Silk had filed his suit in 2013, claiming “that BGSU coaches and medical staff failed to withhold him from practices after he suffered repeated concussions.” Silk claimed that he had suffered two concussions in 2010, but was cleared by the football program’s medical staff to return to full-contact status in practice; shortly thereafter, he suffered a third concussion.
The lineman subsequently parted ways with the team, lost his scholarship and dropped out of school.
The settlement came after Silk’s attorneys had asked the Ohio Court of Claims to reconsider their initial rejection. From the Columbus Dispatch:
The court initially rejected Silk’s claims, finding Silk signed a release of liability to play football in which he assumed the risk of possible injury. He refiled the claim last year. A state attorney claimed Silk was exaggerating and overreporting his symptoms, but the settlement will keep the case from going to trial.
In their motion for reconsideration, Silks’ representation contended, the Blade wrote, “the release [of liability] didn’t cover ‘wanton and willful misconduct,’ which he alleged BGSU’s conduct was.”
An injury that wiped out most of Keon Hatcher‘s 2015 season has resurfaced.
On social media over the weekend, Hatcher posted a video which revealed his left foot encased in a post-surgery boot. WholeHogSports.com subsequently confirmed through multiple sources that Hatcher had indeed undergone surgery recently.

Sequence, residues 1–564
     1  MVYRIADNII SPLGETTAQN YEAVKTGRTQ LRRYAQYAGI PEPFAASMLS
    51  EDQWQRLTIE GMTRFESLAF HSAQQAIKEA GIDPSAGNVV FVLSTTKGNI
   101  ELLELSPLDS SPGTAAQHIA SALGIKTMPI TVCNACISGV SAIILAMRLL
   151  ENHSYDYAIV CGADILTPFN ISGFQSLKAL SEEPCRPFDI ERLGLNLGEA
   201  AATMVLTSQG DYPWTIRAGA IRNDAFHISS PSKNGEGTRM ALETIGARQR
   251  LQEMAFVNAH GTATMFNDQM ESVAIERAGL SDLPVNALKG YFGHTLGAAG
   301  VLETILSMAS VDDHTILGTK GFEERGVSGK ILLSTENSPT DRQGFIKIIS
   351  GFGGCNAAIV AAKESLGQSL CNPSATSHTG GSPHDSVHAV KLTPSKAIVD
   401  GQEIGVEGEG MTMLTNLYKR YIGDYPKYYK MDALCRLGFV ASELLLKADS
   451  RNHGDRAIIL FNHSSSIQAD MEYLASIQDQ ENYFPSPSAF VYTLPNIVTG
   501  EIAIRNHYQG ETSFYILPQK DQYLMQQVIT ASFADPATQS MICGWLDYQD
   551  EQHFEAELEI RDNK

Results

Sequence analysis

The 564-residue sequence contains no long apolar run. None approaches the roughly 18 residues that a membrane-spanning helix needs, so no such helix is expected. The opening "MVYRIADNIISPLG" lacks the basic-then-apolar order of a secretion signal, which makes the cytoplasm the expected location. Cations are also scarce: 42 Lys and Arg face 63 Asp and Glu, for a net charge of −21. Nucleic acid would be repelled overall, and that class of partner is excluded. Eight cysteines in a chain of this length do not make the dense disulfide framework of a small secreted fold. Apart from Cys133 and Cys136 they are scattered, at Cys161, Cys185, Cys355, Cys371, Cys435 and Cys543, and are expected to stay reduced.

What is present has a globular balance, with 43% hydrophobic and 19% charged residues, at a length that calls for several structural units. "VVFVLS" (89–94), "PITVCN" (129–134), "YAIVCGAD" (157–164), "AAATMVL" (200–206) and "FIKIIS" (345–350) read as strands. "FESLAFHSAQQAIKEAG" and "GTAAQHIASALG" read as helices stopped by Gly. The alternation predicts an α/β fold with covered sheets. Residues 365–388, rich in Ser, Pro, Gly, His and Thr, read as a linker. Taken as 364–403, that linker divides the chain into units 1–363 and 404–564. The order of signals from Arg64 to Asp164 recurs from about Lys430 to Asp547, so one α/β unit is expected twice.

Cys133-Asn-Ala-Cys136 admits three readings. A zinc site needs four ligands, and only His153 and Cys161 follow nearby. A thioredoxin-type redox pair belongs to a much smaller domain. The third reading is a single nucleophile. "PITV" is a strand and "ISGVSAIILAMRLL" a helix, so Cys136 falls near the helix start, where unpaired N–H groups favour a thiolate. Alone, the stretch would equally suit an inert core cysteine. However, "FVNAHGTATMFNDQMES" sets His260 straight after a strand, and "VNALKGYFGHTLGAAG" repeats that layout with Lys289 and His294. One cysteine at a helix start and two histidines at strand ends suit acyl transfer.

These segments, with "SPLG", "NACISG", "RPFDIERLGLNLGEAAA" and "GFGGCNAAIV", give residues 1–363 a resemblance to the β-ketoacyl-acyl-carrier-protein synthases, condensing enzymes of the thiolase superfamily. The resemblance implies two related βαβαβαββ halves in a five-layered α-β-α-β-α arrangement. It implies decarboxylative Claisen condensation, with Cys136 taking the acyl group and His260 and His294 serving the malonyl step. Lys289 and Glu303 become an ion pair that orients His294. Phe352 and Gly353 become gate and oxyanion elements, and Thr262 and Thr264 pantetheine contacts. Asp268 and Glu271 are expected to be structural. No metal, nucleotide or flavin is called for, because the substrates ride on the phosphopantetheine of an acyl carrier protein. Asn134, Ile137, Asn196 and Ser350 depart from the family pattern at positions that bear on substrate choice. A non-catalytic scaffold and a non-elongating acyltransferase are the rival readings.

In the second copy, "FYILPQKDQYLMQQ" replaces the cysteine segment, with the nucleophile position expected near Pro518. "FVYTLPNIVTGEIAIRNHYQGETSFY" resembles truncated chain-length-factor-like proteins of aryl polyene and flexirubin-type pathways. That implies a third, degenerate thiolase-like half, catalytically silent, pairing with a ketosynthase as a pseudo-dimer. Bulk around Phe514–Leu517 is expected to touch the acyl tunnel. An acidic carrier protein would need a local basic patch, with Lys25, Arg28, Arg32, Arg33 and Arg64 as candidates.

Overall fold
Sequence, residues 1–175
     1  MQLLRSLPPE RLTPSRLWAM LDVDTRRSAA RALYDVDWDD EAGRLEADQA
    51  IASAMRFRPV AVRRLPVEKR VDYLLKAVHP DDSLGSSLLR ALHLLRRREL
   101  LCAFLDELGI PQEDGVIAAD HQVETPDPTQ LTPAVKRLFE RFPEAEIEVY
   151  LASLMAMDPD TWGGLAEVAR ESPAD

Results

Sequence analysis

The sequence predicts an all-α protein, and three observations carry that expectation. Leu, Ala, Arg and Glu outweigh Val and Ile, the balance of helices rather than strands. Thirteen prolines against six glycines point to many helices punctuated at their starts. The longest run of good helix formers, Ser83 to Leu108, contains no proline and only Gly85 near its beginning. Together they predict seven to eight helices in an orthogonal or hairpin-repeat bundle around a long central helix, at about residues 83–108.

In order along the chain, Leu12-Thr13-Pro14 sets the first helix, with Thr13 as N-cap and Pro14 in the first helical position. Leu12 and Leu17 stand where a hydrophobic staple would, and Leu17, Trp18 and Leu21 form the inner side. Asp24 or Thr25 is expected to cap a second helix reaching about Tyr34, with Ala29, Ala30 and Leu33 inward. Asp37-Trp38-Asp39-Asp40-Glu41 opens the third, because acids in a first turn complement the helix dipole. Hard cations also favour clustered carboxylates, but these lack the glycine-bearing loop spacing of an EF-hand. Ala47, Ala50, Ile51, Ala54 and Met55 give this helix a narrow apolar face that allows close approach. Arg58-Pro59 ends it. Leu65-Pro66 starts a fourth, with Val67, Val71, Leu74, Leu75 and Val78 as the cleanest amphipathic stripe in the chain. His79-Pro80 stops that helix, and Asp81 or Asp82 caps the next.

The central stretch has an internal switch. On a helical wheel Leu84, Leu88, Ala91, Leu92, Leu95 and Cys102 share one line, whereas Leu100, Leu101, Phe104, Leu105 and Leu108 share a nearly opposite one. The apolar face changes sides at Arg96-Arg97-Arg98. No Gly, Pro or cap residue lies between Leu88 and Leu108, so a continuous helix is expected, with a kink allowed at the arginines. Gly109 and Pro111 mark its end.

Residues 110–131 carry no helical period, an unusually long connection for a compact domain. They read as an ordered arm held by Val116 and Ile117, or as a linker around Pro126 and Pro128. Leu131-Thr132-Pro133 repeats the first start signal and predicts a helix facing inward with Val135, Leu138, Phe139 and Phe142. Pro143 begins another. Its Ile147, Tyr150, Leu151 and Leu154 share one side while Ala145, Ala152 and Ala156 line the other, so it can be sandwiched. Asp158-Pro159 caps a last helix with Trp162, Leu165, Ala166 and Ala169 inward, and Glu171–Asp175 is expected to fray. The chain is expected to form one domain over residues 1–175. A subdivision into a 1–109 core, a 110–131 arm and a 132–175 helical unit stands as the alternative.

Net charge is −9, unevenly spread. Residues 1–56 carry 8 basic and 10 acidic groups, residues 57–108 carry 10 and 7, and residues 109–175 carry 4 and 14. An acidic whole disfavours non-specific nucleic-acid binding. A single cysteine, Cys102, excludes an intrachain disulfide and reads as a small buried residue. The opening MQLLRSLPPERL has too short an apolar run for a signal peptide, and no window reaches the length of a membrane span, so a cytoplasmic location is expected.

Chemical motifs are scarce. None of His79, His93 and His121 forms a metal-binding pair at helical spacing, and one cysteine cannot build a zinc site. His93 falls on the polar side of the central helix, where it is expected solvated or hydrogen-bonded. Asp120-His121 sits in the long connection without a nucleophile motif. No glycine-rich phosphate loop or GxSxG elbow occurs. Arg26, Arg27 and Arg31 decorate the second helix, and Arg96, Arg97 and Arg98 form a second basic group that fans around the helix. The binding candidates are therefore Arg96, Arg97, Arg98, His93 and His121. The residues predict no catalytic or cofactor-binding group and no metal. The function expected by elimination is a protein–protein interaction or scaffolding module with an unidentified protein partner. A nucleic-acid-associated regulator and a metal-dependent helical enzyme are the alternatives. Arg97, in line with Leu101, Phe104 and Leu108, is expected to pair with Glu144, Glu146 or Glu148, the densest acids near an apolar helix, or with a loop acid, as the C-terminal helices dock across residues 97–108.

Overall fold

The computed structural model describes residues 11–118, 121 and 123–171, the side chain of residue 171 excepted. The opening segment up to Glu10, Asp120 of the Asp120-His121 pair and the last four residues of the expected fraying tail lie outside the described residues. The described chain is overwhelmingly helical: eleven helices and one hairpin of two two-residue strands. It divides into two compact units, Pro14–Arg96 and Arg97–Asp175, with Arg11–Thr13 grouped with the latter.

The website writes “[i]t’s unclear why Hatcher required the surgery or whether he will miss any practice or playing time because of the surgery.” The university has thus far declined to address the receiver’s status, although head coach Bret Bielema could be expected to touch on the situation during a post-spring press conference Thursday.
During Arkansas’ Week 2 upset loss to Toledo, Hatcher suffered a broken left foot that at first was expected to sideline him for a minimum of six weeks but, following surgery, ultimately cost him the remainder of the season.
At the time of the injury, Hatcher was the Razorbacks’ leader with 198 receiving yards and two touchdowns. In 2014, he led the team with 558 yards receiving and six touchdowns.
Hatcher received a medical hardship waiver for the 2015 season, which will allow him to return as a fifth-year senior this season.
Seeing the writing on Virginia’s depth chart wall, Nick Johns has decided to take his leave of Charlottesville.
As more and more kids are doing these days — especially the cool ones — Johns took to Twitter to announce that he has decided to leave the Cavaliers football program and transfer to an undetermined elsewhere. According to the quarterback, he was given an unrestricted release from his UVa. scholarship.
Johns, who is not related to returning Cavalier starting quarterback Matt Johns, was a three-star member of UVa.’s 2015 recruiting class, rated as the No. 19 pro-style quarterback in the country and the No. 5 player at any position in the District of Columbia. As he didn’t see the field as a true freshman, Johns’ main claim to fame during his brief time with the Cavaliers was a driving while intoxicated charged he accrued last August.
With Matt Johns and Connor Brewer, a Texas/Arizona transfer, in a dead-heat for the starting job exiting the spring, and former East Carolina starter Kurt Benkert added as a graduate transfer over the weekend, Nick Johns’ decision to leave for a better shot at playing time is understandable.